Part of national and global effort supported by more than 100,000 educators and 350 partners that encourages schools to celebrate computer science education
New York City’s Computer Science for All initiative will bring high-quality computer science education to every elementary, middle and high school by 2025
NEW YORK – Schools Chancellor Carmen Fariña today visited PS 241 in Brooklyn to celebrate Computer Science Education Week (Dec. 5-11), a national and global effort encouraging schools to engage students in computer science (CS) education by teaching an “Hour of Code” or hosting other CS activities and events. Computer Science Education Week seeks to include schools with robust computer science programming, as well as schools that do not yet offer computer science. 339 elementary, middle and high schools across every borough of New York City have signed up to participate this week.
New York City’s participation in Computer Science Education Week aligns with Computer Science for All (CS4All), a cornerstone initiative in Mayor de Blasio’s Equity and Excellence for All agenda. By 2025, every student will receive computer science education in elementary, middle and high school. CS4All matches private donations with public funds to result in an $81 million public-private partnership to fund this work.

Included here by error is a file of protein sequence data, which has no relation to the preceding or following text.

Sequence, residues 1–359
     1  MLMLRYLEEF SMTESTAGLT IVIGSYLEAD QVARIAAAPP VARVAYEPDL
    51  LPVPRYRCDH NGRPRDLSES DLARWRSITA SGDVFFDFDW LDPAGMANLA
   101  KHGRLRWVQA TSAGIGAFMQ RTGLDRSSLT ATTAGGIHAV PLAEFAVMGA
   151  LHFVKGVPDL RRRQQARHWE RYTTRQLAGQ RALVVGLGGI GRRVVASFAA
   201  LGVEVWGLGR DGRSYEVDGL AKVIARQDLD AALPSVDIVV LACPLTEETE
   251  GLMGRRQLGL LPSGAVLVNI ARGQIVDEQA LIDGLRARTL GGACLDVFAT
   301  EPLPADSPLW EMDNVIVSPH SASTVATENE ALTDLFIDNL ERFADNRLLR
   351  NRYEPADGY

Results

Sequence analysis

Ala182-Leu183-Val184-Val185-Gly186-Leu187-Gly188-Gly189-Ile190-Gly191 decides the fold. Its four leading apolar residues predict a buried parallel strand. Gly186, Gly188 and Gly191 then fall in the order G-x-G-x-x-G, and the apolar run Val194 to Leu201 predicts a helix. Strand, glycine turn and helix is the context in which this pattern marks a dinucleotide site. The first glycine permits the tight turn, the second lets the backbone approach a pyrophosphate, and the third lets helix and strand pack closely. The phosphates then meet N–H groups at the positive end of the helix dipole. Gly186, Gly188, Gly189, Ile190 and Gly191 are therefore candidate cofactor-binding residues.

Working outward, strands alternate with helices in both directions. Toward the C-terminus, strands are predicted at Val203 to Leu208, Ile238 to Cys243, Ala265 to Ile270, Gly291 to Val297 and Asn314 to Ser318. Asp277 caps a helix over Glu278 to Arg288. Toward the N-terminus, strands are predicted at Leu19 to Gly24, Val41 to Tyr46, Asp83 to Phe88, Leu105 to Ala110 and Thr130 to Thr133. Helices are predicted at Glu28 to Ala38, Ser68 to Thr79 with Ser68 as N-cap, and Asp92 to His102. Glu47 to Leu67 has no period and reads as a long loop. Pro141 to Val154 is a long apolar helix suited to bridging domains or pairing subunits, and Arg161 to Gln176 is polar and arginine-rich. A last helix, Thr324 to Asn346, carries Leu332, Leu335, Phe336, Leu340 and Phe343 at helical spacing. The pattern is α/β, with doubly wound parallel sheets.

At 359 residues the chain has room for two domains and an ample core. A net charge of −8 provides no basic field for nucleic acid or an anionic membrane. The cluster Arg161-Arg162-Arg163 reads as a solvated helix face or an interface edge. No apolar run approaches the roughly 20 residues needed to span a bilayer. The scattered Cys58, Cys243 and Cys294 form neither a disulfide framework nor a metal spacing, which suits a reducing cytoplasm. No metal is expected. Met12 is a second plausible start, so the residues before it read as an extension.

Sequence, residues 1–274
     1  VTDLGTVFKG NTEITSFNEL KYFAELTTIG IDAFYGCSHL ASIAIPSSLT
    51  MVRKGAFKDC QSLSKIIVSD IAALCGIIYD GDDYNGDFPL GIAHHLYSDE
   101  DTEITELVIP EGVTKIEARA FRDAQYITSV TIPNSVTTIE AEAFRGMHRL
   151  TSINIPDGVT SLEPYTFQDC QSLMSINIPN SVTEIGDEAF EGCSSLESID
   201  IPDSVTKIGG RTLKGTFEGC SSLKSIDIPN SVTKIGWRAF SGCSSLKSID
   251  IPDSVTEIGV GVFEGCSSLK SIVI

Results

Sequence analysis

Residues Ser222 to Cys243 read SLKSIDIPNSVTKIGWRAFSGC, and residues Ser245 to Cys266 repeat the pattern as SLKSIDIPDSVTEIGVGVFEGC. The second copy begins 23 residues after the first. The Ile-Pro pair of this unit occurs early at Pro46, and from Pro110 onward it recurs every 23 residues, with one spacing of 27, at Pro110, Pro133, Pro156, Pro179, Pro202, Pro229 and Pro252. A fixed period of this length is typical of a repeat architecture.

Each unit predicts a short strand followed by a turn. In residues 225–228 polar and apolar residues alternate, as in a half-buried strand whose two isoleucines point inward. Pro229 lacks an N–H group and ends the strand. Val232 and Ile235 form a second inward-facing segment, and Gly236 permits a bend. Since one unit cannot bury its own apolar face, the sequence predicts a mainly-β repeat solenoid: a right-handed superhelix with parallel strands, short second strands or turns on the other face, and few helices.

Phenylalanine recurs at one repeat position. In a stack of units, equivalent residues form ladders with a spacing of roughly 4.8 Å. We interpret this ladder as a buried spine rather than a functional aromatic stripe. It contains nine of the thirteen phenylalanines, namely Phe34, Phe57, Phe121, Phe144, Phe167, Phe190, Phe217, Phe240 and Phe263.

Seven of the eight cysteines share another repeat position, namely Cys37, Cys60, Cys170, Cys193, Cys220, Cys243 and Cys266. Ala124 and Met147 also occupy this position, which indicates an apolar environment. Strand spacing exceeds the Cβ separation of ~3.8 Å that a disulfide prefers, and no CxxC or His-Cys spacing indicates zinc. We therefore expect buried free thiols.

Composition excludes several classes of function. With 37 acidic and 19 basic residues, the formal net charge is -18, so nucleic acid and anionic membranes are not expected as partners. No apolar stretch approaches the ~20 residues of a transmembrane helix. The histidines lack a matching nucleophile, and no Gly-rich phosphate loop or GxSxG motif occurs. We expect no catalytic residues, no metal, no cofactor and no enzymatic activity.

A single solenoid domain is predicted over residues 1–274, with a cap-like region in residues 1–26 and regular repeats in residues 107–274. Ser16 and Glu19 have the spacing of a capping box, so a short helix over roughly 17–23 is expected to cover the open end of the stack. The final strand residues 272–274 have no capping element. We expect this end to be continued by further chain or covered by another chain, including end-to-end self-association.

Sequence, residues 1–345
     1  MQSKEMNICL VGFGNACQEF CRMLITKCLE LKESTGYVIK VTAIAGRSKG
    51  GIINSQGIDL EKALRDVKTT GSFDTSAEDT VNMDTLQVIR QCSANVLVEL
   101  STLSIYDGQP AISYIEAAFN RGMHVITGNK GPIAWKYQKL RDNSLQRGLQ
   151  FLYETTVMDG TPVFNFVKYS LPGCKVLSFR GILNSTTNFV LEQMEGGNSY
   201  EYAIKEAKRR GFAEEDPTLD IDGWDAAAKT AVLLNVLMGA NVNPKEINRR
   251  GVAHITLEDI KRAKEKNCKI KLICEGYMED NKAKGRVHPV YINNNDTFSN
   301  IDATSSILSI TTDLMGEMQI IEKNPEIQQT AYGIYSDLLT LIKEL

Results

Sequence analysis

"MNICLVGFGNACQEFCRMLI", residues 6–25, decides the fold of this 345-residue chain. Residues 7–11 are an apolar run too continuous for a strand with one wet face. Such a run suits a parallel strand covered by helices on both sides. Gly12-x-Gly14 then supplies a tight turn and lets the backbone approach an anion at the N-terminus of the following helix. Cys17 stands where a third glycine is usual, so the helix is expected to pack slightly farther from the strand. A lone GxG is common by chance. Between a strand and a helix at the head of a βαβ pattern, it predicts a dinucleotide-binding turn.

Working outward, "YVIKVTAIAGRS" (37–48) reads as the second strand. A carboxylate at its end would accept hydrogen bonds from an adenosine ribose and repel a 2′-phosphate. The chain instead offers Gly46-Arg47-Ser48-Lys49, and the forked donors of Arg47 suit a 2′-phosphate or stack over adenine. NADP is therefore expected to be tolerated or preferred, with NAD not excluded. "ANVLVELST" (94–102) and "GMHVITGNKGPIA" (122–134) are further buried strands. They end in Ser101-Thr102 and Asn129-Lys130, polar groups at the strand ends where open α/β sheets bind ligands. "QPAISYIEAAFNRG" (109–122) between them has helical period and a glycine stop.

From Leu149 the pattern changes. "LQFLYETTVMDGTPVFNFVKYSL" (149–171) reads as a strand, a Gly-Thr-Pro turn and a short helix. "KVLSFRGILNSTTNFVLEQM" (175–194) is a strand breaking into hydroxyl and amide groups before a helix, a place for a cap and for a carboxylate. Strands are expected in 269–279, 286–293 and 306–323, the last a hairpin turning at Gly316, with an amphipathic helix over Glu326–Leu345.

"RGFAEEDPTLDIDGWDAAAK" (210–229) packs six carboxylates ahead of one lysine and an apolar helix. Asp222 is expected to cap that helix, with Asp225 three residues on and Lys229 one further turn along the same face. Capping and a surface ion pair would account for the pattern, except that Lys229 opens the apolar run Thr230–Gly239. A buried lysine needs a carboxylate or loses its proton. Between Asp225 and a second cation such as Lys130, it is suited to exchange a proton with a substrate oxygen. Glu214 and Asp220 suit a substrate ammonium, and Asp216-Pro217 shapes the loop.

“New York City is leading the way on K-12 computer science education, and it’s exciting to see so many of our public schools participating in Computer Science Education Week,” said Mayor Bill de Blasio. “Through Computer Science for All, our students gain critical skills that will enrich their learning today, and help them succeed in college and compete in the job market of tomorrow – including in New York City’s growing tech industry.”